The 21er Haus, Museum of Contemporary Art of Vienna, is considered to be one of the milestones of the post-war period in Austrian architecture. From the moment of its erection the building went through various transformations including change of site, reinforcement of structure, adaption to functional use and the consequent spacial rearrangement. Despite all modifications the building managed to preserve its identity and remain true to its original idea – a lightweight one room exhibition space presenting Austrian present-time tendencies and contemporary art exhibitions.
The floating cube made of steel beams covered with glass envelope is firmly positioned on the urban ground of Vienna’s Schweizergarten by means of four load bearing pylons and hosts temporary and permanent Austrian art collections of the twentieth and twenty-first centuries. Initially designed by Karl Schwanzer in 1958 as an Austria pavilion for the Brussel’s World fair the building conveys till now the motto of EXPO 58 “Technology in the service of Man—Progress of Man by Progress in Technology” thanks to constructive design solution and an extensive use of steel girders manufactured at Austrian VOEST, one of the leading producers of steel elements up today.
Months before the project’s final realization and obtaining the Grand Prix 1958 award at the Brussels World’s Fair, the Austria pavilion was meant to be later used as the Vienna Museum of Modern Art. Similarly, in 1962 the building was reopened again, and this times as a museum of 20th century art.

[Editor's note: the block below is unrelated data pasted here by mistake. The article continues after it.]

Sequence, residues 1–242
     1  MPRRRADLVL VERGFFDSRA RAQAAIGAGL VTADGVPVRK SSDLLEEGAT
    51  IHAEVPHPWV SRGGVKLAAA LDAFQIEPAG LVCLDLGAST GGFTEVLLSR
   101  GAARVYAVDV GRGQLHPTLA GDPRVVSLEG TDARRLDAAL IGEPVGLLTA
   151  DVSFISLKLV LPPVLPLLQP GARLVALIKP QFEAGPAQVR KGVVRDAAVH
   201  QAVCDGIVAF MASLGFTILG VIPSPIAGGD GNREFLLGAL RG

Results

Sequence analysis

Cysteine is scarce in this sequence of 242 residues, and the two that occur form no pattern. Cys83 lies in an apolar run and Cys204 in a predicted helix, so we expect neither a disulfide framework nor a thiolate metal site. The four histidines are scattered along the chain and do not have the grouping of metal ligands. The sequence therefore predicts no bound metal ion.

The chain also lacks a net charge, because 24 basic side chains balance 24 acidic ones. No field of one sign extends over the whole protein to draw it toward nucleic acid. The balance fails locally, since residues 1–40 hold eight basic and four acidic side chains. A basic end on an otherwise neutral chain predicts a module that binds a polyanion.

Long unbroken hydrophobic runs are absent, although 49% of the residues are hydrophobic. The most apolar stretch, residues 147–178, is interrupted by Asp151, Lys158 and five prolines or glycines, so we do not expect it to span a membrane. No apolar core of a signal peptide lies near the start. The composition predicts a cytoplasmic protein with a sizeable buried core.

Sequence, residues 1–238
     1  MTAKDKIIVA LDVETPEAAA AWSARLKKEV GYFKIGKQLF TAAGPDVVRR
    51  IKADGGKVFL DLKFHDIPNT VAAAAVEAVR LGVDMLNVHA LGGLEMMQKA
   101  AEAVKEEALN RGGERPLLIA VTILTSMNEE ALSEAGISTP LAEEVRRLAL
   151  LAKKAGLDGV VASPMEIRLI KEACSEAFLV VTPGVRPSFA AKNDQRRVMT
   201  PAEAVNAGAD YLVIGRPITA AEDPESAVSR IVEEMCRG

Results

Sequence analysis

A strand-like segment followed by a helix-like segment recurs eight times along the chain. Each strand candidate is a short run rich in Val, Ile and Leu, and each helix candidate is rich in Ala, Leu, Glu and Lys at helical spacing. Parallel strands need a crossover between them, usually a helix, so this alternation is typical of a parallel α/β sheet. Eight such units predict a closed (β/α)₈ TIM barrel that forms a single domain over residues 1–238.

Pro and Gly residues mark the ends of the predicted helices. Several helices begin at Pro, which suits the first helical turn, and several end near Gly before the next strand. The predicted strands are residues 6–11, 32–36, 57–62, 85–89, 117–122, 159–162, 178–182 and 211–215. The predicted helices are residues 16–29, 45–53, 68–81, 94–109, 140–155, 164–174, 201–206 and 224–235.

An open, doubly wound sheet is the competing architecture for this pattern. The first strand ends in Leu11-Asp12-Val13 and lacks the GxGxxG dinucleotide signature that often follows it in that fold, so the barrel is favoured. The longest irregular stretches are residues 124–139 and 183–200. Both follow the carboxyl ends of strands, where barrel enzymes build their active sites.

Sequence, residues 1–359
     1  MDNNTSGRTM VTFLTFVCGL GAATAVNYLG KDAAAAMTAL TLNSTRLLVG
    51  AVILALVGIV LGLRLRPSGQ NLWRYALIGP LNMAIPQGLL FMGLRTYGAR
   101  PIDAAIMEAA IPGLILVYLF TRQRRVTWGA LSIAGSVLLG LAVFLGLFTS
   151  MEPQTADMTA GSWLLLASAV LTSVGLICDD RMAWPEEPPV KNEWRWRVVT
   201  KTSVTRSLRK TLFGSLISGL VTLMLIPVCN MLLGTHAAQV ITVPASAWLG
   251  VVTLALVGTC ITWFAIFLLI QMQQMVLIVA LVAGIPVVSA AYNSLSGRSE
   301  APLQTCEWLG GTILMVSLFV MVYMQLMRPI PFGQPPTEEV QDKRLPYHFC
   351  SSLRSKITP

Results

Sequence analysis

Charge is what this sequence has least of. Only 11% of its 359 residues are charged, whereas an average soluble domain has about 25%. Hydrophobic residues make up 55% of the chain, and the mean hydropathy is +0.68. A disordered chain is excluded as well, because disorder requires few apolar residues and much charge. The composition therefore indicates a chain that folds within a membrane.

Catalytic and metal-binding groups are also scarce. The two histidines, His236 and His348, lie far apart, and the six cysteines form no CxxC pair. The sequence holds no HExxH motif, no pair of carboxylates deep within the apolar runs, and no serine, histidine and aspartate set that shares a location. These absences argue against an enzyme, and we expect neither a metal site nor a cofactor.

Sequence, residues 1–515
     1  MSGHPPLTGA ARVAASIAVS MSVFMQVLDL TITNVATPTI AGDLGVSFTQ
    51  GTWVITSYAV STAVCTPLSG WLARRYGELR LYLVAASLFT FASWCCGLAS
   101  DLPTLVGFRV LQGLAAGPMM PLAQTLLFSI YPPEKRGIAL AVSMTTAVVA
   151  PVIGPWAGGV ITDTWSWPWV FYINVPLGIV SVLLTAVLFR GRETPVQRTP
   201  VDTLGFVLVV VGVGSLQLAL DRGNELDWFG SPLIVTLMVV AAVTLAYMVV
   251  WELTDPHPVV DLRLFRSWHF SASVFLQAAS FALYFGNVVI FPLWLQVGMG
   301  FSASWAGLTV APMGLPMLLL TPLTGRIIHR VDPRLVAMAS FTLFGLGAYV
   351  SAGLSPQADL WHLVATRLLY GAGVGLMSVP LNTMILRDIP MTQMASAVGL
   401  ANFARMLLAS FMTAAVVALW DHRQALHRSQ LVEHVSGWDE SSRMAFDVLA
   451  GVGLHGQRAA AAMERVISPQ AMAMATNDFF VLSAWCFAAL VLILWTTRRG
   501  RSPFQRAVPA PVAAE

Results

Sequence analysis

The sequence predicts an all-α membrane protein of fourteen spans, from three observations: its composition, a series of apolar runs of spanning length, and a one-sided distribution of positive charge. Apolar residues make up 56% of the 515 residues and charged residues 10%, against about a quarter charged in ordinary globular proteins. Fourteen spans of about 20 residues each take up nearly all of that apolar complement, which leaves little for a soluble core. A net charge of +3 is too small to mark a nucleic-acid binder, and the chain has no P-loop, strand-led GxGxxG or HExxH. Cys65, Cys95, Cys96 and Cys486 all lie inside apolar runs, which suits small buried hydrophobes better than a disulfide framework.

Karl Schwanzer took an active part in the adaption of the newly transferred building to the site and to its current functional use by enclosing the open area bellow the floating volume into the glass walls that would preserve overall perception of indoor and outdoor spaces together with sculpture garden as cohesive whole and by introducing an additional right-angled volume including entry hall and the cinema originally designed for the pavilion with a lower level used for bathrooms, common room and cafeteria.
A particular attention of the architect was focused on the interior furniture which would complete the image of a floating spacious volume and convey the uniqueness of each area of the museum.
The museum’s sunlit exhibition hall housed the 20th century art, from classic modernism to international postwar modernism, and was hence named as 20er Haus. An important role was given to the 20th century sculpture collection exposed in the outdoor premises of the museum enhancing the established approach to the museum’s spacial organization. Permeability and flexibility of the space made it possible to present the sculpture holdings as an embodiment of recent art landscape beyond the bounds of panel painting. One of the most significant pieces among the sculpture collection was Wotruba’s work Figure Relief (1958) originally commissioned for the Brussels World’s Fair as a part of architectonic concept of the pavilion.
Right in the beginning of the 21st century the museum’s collection was moved to the Museum of Modern Art – Ludwig Foundation. In 2002, after being transferred to Belvedere, the building was in need of prompt refurbishment of the support system and an adaption to the contemporary norms of fire protection together optimization of energy use. The competition for a redesign of 20er Haus won Adolf Krischanitz, a student of Karl Schwanzer.
The major changes in the design solution can be noted from the Arsenalstrasse where a plaza on the building side got excavated to stress the entrance area and integrating the overall collection of Fritz Wotruba into the basement area. Another innovation was the construction of six-storey tower, a vertical axes which would drive a ones attention from the museum’s surrounding redeveloping urban area. Thus, in 2011 the building opened up its doors again and now as the 21er Haus, a new museum of contemporary art inviting visitors to explore Austrian art from 20th and 21st centuries contextually sheltered in the refurbished masterpiece of modernist architecture.